Kentucky Tea Party hero Rand Paul scores a knockout victory over Republican Trey Grayson. Before that, Utah Senator Robert Bennett loses to a Tea Party-fueled Republican insurgent. Is the lesson here the rise once again of the Republican right?
Not so fast. Arkansas Democrat Blanche Lincoln is also in a tough fight – threatened from the left by Lt. Governor Bill Halter. In Pennsylvania, newly-minted Democrat Arlen Specter lost the primary race to Joe Sestak. Meanwhile, thirteen-term Democratic representative Paul Kanjorski is challenged by 36-year-old Corey O’Brien – who’s waged a spirited campaign from his RV, accusing Kanjorski of being too tied to Wall Street.
Okay, so maybe all this signals increasing strength on both political extremes?
Not really. To the extent these races represent anything at all (and it’s easy to read too much into early races), it’s a swing against the establishment.
Kentucky’s Trey Grayson was handpicked by Mitch McConnell, who campaigned vigorously for him, as did Dick Cheney. The President and other Democratic notables came to the aid of Blanche Lincoln’s and Arlen Specter.
It’s the economy, stupid. American politics is turning anti-establishment because so many Americans feel screwed by the economy and they blame the establishment. If there’s a trend here, it’s not left-wing Democrats versus right-wing Republicans. It’s the “Mad-As-Hell” Party against both.
Unemployment continues to haunt the middle class – the anxious class of America. There are still more than five jobless workers for every job opening.
But it’s also low wages. The much-vaulted first quarter of this year produced zilch in terms of wage growth. Private-sector hourly earnings rose at a .4 annual rate while prices climbed at about a 1 percent – leaving most workers with less purchasing power than they had when the quarter began. The only reason weekly earnings showed any growth at all is because some workers put in more hours.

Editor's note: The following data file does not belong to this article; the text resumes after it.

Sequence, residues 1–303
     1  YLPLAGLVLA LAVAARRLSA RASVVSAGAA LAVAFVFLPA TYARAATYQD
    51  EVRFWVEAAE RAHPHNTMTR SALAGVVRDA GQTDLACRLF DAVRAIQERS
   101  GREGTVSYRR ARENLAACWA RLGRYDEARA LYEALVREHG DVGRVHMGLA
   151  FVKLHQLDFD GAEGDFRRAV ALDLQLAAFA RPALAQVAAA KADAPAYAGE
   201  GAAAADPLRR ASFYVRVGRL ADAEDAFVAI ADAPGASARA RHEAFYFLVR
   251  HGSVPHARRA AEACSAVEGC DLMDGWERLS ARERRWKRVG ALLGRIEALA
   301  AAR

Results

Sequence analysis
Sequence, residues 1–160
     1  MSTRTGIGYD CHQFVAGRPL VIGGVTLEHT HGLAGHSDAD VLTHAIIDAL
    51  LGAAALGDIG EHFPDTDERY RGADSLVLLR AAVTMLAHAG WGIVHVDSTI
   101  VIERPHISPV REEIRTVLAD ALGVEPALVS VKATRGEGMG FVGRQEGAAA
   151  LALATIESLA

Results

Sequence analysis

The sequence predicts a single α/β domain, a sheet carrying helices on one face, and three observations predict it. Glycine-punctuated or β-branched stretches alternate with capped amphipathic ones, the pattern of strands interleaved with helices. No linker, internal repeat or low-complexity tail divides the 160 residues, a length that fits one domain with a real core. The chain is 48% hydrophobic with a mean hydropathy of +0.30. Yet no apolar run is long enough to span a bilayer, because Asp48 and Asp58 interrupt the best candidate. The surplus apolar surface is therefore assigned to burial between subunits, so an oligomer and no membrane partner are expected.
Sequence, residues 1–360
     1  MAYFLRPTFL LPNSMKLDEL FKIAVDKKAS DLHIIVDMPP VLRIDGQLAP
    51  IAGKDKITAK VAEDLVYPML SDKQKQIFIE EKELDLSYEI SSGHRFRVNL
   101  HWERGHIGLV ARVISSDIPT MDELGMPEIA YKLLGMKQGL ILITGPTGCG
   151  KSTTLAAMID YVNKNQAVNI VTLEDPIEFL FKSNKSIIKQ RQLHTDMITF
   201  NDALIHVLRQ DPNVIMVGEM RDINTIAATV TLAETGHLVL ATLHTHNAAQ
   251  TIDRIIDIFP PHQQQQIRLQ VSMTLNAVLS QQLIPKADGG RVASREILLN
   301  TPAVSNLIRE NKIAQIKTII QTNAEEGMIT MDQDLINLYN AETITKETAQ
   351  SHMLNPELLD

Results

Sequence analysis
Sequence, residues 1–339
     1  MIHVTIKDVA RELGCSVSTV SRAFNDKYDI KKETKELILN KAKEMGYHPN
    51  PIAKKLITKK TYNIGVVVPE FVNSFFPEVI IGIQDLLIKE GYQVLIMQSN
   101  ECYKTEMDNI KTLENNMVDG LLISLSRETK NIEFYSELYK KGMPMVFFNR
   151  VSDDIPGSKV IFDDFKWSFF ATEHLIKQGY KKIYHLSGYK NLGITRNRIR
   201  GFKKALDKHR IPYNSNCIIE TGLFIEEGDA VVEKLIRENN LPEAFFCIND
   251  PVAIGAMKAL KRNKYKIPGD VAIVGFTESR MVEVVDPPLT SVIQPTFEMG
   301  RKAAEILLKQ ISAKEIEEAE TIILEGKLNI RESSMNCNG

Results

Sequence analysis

What does all this portend for November’s midterm election? Unless the economy moves into high gear, and unless America’s anxious class feels substantially better, incumbents are in trouble.
But the probability of the economy moving into high gear between now and then is not great. Consider that almost eighty percent of the increase in GDP in the first quarter was due to the growth of consumer spending. Where did consumers get the money if their real hourly wage dropped? From drawing down their savings. Obviously, they can’t continue to do this. Had consumers not spent their savings, the GDP would hardly have grown at all
In fact, if you exclude temporary boosts like the government stimulus and the restocking of company inventories, the U.S. economy would not have grown in the first quarter. As these temporary boosts fade later this year, consumer spending is the only thing that will keep the economy going. But consumers won’t be able to spend what they don’t have.
Some economic cheerleaders predict employers will increase wages as their profits grow. That’s nonsense. With five jobless workers for every job opening, employers are under no pressure to raise wages.
Other cheerleaders say the stock market’s rise will boost consumer spending and confidence. That’s nonsense, too. How many consumers feel richer because the Dow is up from what it was at the start of the year? They may see a bit of a rise in their 401(k)s, but their biggest asset is their homes, and housing prices are going nowhere. One out of four Americans with a mortgages now owes more than their house is worth.
The real lesson from today’s political races is the economy still stinks for most people. And the real lesson from the economy’s first quarter is the recovery is so weak that the anxious class is likely to remain anxious through November. Incumbents beware.
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